Considering the pressures and expectations of churches and pastors, it is no surprise. There are a myriad of opportunities for creating, fostering and increasing anxiety among church leaders. Some of these anxiety-provoking opportunities include…

1) Beginning of a new pastorate and working through all the expectations.

2) Trying to lead a church to become the “perfect” church

3) Seeking to implement mechanisms of control (e.g. bureaucracy, legalistic procedures, etc.) to guarantee harmony and success.

4) The expectation that the results of what our work is must be better in each successive year.

5) The notion that we control resources, means, tools, programs to the extent that we can guarantee the return, effectiveness and success these efforts.

6) Feeling as if we must always succumb to the will of every squeaky wheel and be driven by every dissident voice.

7) Feeling as if our security and well-being depends on our ability to “fall in line” with antagonists’ will.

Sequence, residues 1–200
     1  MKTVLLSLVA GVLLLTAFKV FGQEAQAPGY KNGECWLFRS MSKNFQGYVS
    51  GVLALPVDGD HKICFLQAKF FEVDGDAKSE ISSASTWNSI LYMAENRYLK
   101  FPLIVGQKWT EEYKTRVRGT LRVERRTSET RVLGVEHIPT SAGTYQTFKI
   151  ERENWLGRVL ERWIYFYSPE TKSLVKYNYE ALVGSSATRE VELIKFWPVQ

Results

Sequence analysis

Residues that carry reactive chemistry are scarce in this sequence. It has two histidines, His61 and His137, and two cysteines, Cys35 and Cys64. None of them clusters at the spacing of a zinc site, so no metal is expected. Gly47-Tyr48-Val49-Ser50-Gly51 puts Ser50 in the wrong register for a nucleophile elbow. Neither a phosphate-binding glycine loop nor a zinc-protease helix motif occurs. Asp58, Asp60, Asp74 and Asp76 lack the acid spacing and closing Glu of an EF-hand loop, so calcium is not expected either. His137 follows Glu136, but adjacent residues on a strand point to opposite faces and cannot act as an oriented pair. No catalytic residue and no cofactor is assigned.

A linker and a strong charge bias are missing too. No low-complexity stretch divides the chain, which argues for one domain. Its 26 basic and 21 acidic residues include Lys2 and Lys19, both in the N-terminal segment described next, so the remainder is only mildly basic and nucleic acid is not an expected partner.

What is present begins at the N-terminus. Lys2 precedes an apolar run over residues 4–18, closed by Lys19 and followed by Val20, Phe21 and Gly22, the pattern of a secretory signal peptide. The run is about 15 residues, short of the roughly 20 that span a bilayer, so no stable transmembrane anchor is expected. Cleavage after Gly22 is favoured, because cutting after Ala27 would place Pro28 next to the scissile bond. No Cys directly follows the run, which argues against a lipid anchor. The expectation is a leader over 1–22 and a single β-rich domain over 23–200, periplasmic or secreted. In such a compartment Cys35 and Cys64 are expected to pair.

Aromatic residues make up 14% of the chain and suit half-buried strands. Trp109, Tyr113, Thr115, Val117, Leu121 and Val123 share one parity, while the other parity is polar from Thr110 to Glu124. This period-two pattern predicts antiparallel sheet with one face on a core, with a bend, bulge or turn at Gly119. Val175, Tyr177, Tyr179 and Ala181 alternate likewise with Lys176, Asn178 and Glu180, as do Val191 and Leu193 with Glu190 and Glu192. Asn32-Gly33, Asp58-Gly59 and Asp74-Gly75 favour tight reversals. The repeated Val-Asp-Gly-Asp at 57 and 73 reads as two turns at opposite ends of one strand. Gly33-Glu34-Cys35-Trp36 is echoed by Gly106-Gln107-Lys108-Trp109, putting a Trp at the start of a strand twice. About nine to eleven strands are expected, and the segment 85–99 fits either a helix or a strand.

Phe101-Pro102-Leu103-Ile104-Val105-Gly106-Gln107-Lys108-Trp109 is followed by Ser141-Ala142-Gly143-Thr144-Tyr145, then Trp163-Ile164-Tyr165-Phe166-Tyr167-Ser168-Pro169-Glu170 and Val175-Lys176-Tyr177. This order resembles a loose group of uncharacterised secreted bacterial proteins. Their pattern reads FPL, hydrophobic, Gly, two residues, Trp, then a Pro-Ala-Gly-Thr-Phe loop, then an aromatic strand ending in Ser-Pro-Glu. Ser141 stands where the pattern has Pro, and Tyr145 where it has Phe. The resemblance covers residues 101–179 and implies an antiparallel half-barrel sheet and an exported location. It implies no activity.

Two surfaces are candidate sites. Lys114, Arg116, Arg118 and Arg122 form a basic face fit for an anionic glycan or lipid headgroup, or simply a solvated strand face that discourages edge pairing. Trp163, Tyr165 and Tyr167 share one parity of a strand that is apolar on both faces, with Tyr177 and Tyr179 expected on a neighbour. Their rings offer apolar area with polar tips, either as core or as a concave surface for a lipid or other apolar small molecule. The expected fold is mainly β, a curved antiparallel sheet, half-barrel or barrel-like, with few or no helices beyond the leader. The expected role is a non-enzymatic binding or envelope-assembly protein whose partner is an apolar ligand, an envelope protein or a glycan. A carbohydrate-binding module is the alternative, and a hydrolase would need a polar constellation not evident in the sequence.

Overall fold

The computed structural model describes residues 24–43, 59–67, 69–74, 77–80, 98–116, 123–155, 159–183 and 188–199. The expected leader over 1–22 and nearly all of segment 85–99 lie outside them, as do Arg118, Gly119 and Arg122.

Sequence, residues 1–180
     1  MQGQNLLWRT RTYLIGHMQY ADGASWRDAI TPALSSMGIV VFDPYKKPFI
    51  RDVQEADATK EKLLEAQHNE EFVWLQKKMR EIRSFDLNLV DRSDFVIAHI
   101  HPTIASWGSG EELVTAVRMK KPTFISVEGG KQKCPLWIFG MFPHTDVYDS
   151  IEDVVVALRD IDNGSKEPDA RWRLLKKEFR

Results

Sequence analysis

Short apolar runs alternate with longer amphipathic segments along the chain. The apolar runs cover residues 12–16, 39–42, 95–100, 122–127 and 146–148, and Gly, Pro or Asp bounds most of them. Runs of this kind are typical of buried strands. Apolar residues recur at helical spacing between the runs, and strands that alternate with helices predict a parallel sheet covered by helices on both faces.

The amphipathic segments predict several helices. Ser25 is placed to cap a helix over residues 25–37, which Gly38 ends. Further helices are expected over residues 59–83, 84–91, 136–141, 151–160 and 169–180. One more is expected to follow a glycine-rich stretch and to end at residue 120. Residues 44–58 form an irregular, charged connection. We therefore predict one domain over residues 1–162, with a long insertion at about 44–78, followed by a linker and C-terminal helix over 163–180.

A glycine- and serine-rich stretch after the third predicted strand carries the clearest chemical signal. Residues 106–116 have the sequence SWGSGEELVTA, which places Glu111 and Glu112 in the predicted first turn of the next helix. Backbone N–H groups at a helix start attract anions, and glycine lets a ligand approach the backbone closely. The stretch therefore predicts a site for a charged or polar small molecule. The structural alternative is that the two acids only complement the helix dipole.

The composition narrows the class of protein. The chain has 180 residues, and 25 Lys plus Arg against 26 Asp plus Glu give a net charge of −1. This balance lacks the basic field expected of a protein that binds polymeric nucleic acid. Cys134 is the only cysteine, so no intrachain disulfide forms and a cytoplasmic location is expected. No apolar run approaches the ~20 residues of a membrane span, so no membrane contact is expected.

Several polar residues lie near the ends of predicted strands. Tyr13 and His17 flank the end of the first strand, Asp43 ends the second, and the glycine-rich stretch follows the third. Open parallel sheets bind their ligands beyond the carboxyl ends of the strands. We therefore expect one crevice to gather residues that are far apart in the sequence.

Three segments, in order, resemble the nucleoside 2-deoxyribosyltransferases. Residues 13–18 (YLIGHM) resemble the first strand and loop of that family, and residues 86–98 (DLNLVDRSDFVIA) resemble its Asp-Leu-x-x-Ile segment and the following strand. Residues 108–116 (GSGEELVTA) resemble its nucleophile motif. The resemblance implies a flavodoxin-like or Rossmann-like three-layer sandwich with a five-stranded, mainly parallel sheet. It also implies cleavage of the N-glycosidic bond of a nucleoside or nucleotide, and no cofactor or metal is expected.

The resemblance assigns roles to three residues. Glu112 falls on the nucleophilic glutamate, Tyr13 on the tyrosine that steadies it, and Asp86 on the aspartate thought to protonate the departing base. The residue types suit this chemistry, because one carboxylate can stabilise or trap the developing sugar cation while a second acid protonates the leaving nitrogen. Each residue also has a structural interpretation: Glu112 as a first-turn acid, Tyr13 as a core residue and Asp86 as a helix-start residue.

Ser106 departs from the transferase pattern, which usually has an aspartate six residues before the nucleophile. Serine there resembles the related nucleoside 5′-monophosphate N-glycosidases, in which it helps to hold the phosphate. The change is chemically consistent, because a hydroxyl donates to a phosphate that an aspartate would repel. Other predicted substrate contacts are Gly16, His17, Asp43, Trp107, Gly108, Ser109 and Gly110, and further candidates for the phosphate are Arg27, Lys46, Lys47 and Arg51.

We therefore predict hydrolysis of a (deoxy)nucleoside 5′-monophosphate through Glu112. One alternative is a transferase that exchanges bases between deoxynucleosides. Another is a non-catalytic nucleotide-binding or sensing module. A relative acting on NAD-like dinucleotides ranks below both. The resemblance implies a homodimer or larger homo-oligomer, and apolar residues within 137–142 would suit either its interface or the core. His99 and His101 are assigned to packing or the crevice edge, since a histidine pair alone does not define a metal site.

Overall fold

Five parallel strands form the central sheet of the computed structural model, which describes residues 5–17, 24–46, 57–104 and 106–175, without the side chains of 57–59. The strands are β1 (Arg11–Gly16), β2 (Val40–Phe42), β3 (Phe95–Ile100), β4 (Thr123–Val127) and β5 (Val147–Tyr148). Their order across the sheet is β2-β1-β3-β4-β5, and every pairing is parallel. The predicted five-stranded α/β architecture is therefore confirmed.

8) Taking a risk on a new style of ministry or change in ministry program.

9) Fearing expressing a bold, Biblical vision for the church for fear of being branded “unorthodox,” “crazy,” or the like.

10) Trying to do everything in the church while neglecting the joyful use of your special God-given passion and expertise.

11) Subjecting yourself to unfair, unwarranted, unsolicited, and anonymous criticism.

12) Feeling as if one cannot directly counter or address criticisms and comments, etc.

13) Wondering if the finances will be sufficient to make budget…including salaries.

14) Dealing with some “mysterious” membership changes or threats to that effect.

Where Does This Anxiety Come From?
Anxiety can come from numerous sources.

1) Parental Influence: Studies have estimated that as many as 25% of all children grew up with at least one phobic parent. Anxious parents directly teach or indirectly project this anxiety to their children in the form of perfectionistic expectations, rigid discipline, maintaining facades, sheltering children from grief, hurt and other aspects of the “real world” appropriate for their age, encouraging a legalistic understanding of God and the resulting religious lifestyle.

2) Childhood Experience: In general, those who recall their childhood as happy, spontaneous and enjoyable are less anxiety-prone than those with difficult or painful childhood. Those who grew up with a sense of security, love, belonging and unconditional acceptance often has less anxiety than those with vivid negative images of their childhood.